British Gas is preparing to hit millions of families with a hike in energy prices of up to 10 per cent that could add more than £100 a year to bills.
The announcement by the country’s biggest supplier could come as soon as October. The rise means that a typical British Gas annual “dual fuel” bill would hit a record level of £1,474 a year.
The Shadow Energy Secretary, Caroline Flint, said: “Soaring energy bills are causing a cost of living crisis. Hard-pressed consumers will not understand how the energy giants can get away with more inflation-busting price rises when they are already making huge profits.”
Energy experts have been predicting an autumn price rise, triggered by soaring costs, for several weeks and the other “big six” suppliers are thought likely to push through similar increases.
This is despite figures from the regulator Ofgem revealing that the suppliers – British Gas, SSE, EDF, E.ON, ScottishPower and npower – have seen profit margins per customer almost double. Though a hike is yet to be announced, it is thought the German-owned npower could raise prices first.
The suppliers often play a game of cat and mouse, waiting for a rival to be first to increase prices and attract the worst of the headlines. British Gas is expected to wait until after the party conference season to make its announcement. One expert described energy tariffs as “a volcano about to erupt”.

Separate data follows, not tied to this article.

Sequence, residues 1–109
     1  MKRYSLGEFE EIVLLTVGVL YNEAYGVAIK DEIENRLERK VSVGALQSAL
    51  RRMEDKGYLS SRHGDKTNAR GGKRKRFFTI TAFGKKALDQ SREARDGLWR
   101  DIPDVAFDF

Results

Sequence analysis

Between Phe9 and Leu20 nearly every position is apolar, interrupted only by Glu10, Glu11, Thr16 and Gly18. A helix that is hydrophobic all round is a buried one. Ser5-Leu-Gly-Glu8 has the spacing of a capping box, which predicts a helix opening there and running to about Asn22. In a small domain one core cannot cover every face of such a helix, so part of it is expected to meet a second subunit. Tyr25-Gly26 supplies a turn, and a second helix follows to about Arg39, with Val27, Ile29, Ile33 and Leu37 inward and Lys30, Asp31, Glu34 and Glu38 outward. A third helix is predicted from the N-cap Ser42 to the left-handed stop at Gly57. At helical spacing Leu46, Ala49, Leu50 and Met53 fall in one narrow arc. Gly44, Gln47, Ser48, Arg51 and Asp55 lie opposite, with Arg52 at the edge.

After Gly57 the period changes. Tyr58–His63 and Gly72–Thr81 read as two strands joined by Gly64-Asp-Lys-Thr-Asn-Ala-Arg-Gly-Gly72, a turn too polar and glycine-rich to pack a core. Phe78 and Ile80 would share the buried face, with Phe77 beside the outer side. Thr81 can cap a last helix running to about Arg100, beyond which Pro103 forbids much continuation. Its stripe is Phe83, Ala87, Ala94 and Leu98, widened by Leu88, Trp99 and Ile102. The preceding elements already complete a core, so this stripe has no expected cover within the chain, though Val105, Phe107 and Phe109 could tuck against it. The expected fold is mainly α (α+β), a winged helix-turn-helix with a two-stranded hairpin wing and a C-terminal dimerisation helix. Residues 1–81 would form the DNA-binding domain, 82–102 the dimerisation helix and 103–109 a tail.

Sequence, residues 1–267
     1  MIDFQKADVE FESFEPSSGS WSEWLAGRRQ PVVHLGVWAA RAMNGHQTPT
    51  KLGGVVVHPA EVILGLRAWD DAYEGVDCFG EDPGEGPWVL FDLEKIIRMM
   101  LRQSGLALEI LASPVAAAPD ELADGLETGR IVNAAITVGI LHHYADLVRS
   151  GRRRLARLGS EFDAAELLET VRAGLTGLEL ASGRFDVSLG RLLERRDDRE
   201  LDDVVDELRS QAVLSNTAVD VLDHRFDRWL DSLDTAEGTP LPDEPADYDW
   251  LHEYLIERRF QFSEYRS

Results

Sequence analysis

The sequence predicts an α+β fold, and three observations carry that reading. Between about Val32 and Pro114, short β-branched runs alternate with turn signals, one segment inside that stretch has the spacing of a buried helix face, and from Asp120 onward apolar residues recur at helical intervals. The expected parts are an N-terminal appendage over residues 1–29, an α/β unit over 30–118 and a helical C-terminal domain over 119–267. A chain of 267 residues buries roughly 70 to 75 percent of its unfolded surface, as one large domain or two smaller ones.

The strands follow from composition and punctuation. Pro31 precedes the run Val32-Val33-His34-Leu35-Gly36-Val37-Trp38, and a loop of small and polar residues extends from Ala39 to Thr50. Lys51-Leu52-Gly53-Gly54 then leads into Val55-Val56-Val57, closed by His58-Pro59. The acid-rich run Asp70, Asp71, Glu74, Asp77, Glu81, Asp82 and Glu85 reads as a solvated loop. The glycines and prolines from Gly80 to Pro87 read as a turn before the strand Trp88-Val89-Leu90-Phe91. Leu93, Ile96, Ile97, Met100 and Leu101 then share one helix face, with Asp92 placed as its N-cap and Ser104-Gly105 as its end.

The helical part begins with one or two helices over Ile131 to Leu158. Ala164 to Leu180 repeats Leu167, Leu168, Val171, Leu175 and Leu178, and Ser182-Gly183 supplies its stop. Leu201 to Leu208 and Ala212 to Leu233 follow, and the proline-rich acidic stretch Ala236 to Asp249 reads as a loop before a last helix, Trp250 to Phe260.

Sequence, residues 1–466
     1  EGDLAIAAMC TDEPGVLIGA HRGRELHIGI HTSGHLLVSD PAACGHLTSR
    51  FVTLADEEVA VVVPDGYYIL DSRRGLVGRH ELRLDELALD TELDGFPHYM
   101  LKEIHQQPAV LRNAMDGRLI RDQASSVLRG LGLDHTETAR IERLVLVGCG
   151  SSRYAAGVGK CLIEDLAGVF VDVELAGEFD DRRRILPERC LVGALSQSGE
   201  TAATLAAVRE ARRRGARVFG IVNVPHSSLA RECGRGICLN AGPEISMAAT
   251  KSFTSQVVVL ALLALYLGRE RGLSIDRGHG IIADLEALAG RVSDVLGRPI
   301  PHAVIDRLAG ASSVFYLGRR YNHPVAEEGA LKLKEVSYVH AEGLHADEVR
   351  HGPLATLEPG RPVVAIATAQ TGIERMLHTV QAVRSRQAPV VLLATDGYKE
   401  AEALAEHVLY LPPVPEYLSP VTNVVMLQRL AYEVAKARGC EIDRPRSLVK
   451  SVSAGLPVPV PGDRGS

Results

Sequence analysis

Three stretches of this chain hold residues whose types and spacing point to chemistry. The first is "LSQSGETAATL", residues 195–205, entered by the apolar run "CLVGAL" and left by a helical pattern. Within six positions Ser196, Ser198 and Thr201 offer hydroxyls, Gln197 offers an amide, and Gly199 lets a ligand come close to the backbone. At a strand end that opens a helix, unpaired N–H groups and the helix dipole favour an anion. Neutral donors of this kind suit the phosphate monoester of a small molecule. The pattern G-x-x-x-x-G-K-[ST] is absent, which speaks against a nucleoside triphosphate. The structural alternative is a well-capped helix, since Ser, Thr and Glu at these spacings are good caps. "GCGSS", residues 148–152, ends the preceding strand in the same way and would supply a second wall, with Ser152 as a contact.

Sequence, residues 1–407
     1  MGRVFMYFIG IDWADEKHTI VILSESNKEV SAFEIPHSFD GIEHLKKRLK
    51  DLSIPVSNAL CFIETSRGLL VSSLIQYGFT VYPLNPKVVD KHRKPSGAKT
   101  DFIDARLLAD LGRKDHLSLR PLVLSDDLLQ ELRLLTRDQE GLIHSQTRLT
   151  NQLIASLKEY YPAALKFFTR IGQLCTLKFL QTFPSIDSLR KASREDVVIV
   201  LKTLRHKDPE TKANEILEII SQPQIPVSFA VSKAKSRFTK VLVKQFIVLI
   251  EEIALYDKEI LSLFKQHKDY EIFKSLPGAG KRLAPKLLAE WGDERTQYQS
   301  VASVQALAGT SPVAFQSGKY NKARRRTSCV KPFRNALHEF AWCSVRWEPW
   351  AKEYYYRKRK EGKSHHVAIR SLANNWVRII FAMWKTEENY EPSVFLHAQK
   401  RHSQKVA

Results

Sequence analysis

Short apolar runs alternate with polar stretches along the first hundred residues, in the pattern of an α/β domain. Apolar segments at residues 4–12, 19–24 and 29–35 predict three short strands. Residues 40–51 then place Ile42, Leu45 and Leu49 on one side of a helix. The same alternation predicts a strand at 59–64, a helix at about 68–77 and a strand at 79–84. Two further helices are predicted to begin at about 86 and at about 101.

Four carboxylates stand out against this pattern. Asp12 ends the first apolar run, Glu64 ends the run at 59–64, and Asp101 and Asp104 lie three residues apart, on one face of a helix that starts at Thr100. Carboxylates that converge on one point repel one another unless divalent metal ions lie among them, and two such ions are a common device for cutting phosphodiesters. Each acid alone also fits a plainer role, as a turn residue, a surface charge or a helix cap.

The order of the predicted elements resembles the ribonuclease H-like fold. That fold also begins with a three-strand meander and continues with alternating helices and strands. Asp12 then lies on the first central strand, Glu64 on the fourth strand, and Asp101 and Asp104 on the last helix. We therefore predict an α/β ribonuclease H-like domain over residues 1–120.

Mark Todd, of the energyhelpline.com comparison website, said the higher tariffs meant families could be spending as much as £20 a day on gas and electricity on cold days this winter.
Ann Robinson, director of consumer policy at uSwitch, said: “A price rise will create wholesale misery, and is it really justified? My great worry is if one puts up prices, they all follow. Meanwhile, pay is falling behind inflation, household finances have got more difficult and a price hike will really mean a lot of misery for a lot of people.”
Last winter, almost 70 per cent of households went without heating at some point in a bid to keep energy costs down, according to uSwitch. A 10 per cent price hike would be almost four times the current rate of inflation, which stands at 2.7 per cent. The average British Gas bill is currently £1,340, meaning a 10 per cent rise would lift the cost of heating and lighting the average home to £1,474 a year.
The British Gas move comes despite its parent company Centrica posting a 9 per cent increase in operating profit to £1.58bn for the first half of its financial year, which was part-funded by its decision to add another 6 per cent to customers’ bills ahead of last winter.
British Gas said it “never comments on future pricing movements”.